Never ignore an 8 year old! — Work from Home Wisdom

by Liz Proctor When you were an 8 year old, if someone had asked you what you wanted to be when you grew up, what would you have told them? How close are you to having that thing in your life and business now? OK, so being an astronaut, professional Lego builder or the World’s…

via Never ignore an 8 year old! — Work from Home Wisdom

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Born in the wrong century

Bowl in hand, I wander slowly along the hedgerow, seeking out the freshest (and cleanest!) nettle tips and a handful of the brightest Jack-by-the-hedge leaves.  Cooked briefly, the nettles lose their sting and taste like spinach, and Jack-by-the-hedge certainly lives up to its other name of garlic mustard.

Never mind that my ultimate destination is the little veg patch at the bottom of the garden where I’ve planted lettuce and radish and have my eye on some juicy thinnings.  Never mind that these fresh greens are destined to be mixed into a bowl of spaghetti and cheese gathered from the supermarket and not from the wild.  (But if there was such a thing as a spaghetti tree I would plant it, and a cheese tree would be worth its weight in gold!)

Never mind, then, that my meal won’t be authentically prehistoric.  Even with the modern additions, collecting these leaves from the hedge connects me to a way of life that feels right and stirs up echoes of a past I’d like to visit.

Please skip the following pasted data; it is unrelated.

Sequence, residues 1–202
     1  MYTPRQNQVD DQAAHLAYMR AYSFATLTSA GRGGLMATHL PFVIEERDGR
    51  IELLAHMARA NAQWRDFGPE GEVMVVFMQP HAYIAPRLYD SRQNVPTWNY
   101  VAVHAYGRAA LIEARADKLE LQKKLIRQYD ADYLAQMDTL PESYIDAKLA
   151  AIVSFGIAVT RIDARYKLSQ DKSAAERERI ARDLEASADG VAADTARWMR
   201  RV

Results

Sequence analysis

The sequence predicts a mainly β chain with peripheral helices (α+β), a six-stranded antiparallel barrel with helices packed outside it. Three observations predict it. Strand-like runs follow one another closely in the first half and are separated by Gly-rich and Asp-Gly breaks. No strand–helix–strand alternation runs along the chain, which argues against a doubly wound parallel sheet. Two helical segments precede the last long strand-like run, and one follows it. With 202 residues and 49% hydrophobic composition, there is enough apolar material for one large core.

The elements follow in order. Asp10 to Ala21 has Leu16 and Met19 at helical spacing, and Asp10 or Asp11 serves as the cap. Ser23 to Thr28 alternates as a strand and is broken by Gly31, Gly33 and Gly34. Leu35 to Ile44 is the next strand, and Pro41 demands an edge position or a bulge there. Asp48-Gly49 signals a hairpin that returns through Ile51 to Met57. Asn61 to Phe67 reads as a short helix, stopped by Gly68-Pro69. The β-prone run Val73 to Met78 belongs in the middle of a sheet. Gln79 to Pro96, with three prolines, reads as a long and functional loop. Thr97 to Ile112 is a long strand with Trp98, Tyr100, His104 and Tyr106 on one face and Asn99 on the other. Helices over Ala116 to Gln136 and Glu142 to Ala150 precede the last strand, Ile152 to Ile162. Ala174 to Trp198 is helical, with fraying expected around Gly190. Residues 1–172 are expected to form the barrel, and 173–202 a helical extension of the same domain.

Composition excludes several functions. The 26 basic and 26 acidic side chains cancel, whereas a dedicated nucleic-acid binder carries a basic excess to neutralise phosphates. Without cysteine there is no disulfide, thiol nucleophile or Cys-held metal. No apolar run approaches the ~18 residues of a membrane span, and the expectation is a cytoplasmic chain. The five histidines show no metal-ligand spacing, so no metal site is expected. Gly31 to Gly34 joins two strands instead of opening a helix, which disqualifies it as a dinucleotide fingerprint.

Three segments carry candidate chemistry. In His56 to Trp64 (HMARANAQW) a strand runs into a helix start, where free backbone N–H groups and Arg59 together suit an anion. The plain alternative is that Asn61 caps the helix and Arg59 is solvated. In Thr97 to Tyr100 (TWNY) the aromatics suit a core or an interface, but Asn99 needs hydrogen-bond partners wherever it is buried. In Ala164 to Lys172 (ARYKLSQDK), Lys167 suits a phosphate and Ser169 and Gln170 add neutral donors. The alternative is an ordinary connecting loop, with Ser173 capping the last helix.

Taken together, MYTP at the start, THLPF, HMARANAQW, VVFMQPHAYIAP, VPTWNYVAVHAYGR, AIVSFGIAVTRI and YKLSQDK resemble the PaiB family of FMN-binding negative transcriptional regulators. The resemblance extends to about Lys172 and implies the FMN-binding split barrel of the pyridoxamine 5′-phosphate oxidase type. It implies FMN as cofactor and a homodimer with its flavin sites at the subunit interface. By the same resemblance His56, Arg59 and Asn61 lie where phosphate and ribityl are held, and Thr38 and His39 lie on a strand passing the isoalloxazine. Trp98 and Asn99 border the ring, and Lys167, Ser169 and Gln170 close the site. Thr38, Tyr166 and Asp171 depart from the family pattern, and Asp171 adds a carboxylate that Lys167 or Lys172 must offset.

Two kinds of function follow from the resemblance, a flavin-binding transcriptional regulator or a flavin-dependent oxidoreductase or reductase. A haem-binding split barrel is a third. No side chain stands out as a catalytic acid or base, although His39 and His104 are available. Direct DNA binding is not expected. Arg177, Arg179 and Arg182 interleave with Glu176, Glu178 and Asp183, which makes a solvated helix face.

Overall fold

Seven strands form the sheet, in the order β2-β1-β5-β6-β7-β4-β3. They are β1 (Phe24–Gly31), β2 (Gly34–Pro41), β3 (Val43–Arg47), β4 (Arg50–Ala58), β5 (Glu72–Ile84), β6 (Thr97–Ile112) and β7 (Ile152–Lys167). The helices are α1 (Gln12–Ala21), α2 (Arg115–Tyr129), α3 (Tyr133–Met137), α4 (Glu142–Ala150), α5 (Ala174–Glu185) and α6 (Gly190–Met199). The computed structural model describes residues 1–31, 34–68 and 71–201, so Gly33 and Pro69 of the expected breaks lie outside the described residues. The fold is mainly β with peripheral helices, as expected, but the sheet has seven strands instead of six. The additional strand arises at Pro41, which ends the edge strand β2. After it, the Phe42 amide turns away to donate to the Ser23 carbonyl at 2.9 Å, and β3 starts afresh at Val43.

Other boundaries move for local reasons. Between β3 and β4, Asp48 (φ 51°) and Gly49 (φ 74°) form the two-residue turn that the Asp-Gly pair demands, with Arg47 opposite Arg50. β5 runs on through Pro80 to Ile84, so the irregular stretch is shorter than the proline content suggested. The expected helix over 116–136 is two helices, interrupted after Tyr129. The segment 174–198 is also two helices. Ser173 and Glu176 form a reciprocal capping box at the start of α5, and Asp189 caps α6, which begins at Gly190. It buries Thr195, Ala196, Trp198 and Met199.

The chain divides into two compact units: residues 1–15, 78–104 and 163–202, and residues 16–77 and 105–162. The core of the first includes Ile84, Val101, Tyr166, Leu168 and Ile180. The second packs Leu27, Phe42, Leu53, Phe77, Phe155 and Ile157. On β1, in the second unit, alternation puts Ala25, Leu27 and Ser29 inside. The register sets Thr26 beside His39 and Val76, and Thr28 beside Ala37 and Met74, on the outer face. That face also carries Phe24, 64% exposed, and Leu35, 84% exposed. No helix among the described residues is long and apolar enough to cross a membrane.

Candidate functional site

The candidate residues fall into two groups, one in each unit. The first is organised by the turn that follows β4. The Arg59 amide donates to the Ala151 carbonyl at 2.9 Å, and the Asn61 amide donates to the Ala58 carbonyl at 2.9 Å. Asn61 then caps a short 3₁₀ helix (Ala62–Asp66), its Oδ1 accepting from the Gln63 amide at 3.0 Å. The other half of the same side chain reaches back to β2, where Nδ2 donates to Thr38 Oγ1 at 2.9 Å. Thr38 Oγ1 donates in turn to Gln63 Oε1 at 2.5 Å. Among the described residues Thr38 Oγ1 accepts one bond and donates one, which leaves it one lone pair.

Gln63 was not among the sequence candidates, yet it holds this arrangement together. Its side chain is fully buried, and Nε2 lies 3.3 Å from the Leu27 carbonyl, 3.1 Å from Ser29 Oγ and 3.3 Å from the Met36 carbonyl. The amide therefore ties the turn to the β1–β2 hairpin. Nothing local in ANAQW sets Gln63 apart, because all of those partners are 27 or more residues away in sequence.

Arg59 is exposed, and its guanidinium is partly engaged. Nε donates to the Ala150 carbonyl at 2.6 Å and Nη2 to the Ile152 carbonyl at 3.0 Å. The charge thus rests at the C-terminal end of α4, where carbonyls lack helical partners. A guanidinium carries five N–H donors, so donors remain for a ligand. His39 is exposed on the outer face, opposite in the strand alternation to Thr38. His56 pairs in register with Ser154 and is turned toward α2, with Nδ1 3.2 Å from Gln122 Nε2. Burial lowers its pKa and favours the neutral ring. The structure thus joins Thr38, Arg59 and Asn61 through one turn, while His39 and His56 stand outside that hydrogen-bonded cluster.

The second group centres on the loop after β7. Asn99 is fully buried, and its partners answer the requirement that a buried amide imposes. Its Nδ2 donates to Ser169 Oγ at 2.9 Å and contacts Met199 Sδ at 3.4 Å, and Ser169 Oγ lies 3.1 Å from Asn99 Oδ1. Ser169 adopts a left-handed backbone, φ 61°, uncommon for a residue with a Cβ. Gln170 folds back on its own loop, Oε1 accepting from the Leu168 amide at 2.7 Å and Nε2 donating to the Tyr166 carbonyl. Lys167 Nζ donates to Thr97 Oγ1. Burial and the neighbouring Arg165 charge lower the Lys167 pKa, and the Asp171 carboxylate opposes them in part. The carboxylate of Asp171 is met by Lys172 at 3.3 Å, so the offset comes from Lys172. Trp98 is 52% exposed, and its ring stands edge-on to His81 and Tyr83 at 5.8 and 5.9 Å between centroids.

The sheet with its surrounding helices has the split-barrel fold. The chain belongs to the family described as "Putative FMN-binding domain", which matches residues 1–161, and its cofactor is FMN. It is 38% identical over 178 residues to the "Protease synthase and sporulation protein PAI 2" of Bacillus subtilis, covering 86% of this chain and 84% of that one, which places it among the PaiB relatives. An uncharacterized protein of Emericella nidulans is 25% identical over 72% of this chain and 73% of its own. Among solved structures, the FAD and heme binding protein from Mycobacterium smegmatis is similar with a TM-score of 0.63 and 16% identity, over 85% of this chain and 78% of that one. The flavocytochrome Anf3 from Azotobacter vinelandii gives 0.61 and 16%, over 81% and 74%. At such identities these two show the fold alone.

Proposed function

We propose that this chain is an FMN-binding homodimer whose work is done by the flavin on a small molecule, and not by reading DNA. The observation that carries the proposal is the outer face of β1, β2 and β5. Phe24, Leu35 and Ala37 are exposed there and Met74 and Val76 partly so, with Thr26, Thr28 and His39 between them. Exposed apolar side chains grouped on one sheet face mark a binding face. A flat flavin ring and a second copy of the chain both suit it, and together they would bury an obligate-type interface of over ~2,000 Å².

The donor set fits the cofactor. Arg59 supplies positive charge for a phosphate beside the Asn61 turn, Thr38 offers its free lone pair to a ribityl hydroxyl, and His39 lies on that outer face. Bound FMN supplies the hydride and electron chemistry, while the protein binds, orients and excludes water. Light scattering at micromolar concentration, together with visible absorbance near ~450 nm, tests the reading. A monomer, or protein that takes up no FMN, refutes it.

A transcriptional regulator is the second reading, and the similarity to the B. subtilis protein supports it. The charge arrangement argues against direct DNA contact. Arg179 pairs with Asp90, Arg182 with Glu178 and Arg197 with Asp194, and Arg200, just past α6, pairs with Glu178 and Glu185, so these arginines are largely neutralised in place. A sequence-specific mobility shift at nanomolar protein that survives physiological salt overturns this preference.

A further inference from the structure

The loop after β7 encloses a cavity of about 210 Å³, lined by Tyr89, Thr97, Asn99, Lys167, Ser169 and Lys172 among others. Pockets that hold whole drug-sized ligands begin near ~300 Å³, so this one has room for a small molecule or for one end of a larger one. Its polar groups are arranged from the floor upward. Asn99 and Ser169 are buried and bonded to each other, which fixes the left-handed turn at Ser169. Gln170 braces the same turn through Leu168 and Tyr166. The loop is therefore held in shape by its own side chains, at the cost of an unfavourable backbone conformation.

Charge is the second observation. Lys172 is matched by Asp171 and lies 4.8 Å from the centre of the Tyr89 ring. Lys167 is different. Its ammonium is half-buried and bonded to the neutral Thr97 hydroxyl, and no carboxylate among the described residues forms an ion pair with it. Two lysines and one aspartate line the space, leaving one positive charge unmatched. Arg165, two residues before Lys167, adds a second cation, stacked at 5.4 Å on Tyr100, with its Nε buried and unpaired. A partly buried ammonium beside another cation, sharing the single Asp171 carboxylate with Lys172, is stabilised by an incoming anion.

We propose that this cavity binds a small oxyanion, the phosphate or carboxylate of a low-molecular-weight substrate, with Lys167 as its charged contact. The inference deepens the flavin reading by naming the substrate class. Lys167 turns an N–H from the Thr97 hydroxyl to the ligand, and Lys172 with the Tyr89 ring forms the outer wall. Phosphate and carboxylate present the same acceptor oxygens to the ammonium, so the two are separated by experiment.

But I think I’d want to come back to the present too, if only for the cake!

Magical May

May is such a magical month. Forgive me for being terribly British and talking about the weather, but indulge me for a minute.

Glorious blue sky, bright sunshine that calls you outside, seeming almost to reach in with warm soft fingers, take your hand and draw you through the door before you realise it. Trees are beginning to wear a halo of green, though some still stand almost bare after a cold, wet start to spring. Birds are calling, even the boy is noticing the different kinds hopping in the hedgerows, and somehow the screech of two cats yowling at each other is softened and sounds like part of the liveliness of the day.

Perhaps we appreciate it more after a week of grey skies, hail and winter vests. (A week which followed months of actual winter, as opposed to a spring which couldn’t make up its mind.)  Perhaps if you live where the sun always shines bright and the sky is always blue, you long for a soft, grey, even rainy, day. But here, today, nothing could be more perfect than the festival of spring that’s unfolding in my back garden.